Finding Partial Fractions

  • Thread starter MasterJan7
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  • #1

Homework Statement



Find partial fractions for 4/(x^3-2x^2)

The Attempt at a Solution


Heres the steps that I took:
1. 4/(x^3-2x^2)= 4/(x^2(x-2))= A/(x^2) + B/(x-2)
2. 4= A(x-2) + B(x^2)
3. When x=0, -2A=4, so A=-2,
and When x=2, 4B=4, so B=1.
4. So my final answer was:
-2/(x^2)+1/(x-2)

The real answer as I found out from Wolfram Alpha integral calculator was:
-2/(x^2)+1/(x-2)-1/x

So the real answer is the same as the solution that I got, except for the -1/x at the end... I have no idea where that -1/x came from, no matter how many times I redo this problem. Please tell how to get the real answer! Thank you!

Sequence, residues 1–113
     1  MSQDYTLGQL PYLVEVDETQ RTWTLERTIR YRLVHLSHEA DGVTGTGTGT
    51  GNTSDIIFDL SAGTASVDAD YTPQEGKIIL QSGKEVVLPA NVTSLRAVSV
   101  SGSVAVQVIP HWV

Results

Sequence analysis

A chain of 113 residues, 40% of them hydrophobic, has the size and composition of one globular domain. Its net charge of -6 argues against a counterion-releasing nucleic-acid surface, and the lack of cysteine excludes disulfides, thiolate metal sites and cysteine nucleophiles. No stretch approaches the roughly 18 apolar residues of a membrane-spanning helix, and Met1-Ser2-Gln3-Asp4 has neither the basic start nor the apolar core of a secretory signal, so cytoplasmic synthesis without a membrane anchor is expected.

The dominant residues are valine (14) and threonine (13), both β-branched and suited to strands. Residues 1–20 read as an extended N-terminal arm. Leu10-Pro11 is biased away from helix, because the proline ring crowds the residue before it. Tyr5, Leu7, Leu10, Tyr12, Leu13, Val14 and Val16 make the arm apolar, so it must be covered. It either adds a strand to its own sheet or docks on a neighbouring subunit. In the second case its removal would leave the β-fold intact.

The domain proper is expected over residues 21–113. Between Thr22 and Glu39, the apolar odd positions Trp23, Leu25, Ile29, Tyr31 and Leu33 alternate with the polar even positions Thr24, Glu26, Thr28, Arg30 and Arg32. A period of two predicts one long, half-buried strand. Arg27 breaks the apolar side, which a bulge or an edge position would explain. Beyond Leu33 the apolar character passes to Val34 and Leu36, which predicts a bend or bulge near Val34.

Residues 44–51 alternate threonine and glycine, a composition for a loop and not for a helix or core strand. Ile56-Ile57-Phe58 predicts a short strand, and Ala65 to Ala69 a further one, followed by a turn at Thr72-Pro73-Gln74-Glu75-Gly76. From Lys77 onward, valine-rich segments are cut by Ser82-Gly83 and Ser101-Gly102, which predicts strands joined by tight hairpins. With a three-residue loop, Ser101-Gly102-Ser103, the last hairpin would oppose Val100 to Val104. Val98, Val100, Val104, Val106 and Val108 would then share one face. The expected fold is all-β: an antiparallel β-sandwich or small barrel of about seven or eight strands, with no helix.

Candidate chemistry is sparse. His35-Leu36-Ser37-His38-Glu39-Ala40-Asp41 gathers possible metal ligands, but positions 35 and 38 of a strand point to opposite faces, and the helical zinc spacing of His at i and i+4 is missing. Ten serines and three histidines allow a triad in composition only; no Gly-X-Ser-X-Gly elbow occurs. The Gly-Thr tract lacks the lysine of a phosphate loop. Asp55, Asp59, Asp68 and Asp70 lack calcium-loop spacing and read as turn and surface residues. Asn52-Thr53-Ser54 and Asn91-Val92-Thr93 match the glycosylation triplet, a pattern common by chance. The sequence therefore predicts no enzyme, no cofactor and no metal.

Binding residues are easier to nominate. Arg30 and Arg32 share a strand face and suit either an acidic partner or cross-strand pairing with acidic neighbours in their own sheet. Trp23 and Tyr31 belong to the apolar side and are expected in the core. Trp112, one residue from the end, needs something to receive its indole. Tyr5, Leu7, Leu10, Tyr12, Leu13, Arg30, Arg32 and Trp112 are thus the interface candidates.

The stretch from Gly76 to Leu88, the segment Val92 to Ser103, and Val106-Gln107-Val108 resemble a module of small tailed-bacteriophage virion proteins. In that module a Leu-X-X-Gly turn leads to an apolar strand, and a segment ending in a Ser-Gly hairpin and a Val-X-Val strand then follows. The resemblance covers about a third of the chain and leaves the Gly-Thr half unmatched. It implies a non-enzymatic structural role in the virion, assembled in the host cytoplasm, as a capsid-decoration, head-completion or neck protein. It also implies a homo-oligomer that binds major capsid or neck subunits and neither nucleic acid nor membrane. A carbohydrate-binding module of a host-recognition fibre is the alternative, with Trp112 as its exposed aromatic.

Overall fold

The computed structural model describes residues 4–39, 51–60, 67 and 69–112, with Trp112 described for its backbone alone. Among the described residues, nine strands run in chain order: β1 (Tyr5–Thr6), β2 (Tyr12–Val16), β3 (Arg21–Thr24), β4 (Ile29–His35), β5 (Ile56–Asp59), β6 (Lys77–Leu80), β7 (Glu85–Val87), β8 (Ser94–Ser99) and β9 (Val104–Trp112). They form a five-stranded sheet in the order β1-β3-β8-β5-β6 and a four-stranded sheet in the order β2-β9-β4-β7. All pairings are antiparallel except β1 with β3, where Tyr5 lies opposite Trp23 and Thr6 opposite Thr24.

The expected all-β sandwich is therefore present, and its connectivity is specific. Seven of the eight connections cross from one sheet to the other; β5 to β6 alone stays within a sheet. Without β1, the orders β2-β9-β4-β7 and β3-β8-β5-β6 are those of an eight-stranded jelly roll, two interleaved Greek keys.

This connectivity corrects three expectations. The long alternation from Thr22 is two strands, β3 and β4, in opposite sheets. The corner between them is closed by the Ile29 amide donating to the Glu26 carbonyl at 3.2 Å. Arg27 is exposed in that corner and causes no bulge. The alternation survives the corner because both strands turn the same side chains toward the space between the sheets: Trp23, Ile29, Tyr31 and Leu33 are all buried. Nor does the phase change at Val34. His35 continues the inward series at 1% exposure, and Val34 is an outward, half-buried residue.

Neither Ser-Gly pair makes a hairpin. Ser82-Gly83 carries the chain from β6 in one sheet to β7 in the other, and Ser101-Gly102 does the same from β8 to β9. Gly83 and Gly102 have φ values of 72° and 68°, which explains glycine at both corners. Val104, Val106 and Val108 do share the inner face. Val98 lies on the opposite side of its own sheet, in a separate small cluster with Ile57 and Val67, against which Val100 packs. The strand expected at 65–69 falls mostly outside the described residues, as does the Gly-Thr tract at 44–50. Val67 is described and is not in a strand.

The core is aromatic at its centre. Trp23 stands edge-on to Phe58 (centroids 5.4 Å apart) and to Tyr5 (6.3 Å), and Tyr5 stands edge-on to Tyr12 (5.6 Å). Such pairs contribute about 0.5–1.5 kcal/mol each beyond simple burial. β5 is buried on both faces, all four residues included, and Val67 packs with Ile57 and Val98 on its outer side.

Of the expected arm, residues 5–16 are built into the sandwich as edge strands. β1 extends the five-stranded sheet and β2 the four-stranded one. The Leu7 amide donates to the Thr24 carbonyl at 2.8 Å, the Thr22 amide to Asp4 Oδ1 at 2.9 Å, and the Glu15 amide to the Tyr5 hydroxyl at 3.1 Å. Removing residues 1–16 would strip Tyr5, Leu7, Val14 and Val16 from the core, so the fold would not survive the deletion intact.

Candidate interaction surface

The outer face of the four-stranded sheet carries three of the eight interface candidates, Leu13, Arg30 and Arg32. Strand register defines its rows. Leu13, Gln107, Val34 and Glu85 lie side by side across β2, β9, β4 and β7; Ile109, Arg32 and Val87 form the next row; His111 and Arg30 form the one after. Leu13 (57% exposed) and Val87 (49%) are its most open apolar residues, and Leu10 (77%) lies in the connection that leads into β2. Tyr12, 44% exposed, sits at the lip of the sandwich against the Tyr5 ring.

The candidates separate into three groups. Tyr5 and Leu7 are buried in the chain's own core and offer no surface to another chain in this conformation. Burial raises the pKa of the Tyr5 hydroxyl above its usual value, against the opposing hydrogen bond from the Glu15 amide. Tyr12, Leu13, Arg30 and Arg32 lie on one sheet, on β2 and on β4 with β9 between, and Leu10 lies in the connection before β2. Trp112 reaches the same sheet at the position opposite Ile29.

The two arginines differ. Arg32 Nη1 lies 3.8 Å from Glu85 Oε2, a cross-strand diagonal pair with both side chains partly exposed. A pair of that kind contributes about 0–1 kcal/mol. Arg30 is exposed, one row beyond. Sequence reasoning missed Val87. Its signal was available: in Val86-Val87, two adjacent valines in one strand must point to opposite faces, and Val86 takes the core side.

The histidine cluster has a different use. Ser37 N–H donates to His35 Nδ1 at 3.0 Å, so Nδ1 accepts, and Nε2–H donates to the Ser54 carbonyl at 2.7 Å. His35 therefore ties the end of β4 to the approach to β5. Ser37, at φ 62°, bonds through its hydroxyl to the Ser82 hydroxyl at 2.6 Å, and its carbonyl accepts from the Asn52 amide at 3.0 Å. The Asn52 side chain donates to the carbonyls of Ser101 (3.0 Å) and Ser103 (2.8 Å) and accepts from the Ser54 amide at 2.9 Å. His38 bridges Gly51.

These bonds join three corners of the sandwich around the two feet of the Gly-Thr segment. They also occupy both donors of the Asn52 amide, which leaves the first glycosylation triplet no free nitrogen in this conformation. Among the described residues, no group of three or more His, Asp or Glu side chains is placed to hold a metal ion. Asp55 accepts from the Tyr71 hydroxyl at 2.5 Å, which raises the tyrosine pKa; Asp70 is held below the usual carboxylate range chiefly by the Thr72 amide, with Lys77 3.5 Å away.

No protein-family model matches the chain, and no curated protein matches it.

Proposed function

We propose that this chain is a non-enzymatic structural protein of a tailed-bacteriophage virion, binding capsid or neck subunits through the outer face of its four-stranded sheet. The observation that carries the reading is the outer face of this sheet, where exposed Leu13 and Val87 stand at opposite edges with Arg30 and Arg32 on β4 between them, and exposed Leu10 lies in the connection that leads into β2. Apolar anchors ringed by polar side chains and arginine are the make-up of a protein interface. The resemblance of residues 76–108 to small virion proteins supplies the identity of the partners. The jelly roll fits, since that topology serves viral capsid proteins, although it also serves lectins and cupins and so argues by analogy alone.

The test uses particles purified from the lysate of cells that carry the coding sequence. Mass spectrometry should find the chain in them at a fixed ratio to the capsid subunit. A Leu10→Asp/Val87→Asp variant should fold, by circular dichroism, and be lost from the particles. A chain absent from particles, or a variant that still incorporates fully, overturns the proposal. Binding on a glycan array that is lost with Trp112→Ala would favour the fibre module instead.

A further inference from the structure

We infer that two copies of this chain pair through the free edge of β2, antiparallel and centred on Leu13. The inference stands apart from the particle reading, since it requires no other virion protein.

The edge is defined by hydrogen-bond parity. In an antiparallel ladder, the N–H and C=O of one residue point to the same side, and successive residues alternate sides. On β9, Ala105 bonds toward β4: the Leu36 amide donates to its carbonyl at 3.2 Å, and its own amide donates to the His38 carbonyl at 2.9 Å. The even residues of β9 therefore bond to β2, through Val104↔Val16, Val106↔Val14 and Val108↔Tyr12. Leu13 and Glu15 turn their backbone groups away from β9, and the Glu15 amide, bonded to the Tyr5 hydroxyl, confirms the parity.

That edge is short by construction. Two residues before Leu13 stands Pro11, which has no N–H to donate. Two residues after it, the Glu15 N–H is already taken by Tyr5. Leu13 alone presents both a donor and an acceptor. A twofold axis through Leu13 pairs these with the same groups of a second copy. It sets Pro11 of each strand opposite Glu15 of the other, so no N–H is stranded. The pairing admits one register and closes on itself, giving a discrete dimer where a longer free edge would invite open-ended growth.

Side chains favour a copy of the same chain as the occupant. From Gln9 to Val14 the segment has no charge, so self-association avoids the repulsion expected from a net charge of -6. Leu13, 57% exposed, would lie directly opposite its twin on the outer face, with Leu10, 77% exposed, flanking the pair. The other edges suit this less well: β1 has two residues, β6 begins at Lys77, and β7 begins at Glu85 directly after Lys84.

Answers and Replies

  • #2
LCKurtz
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I assume you know yours is incorrect because it doesn't expand to equal the given fraction.

The correct expansion is
[tex]\frac{4}{x^2(x-2)}=\frac{Ax+B}{x^2}+\frac{C}{x-2}[/tex]
 
  • #3
SammyS
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You should have something like: [itex]\displaystyle \frac{4}{x^2(x-2)}=\frac{Ax+B}{x^2}+\frac{C}{x-2}\frac{}{}[/itex]

or equivalently: [itex]\displaystyle \frac{4}{x^2(x-2)}=\frac{A}{x}+\frac{B}{x^2}+\frac{C}{x-2}\frac{}{}[/itex]
 

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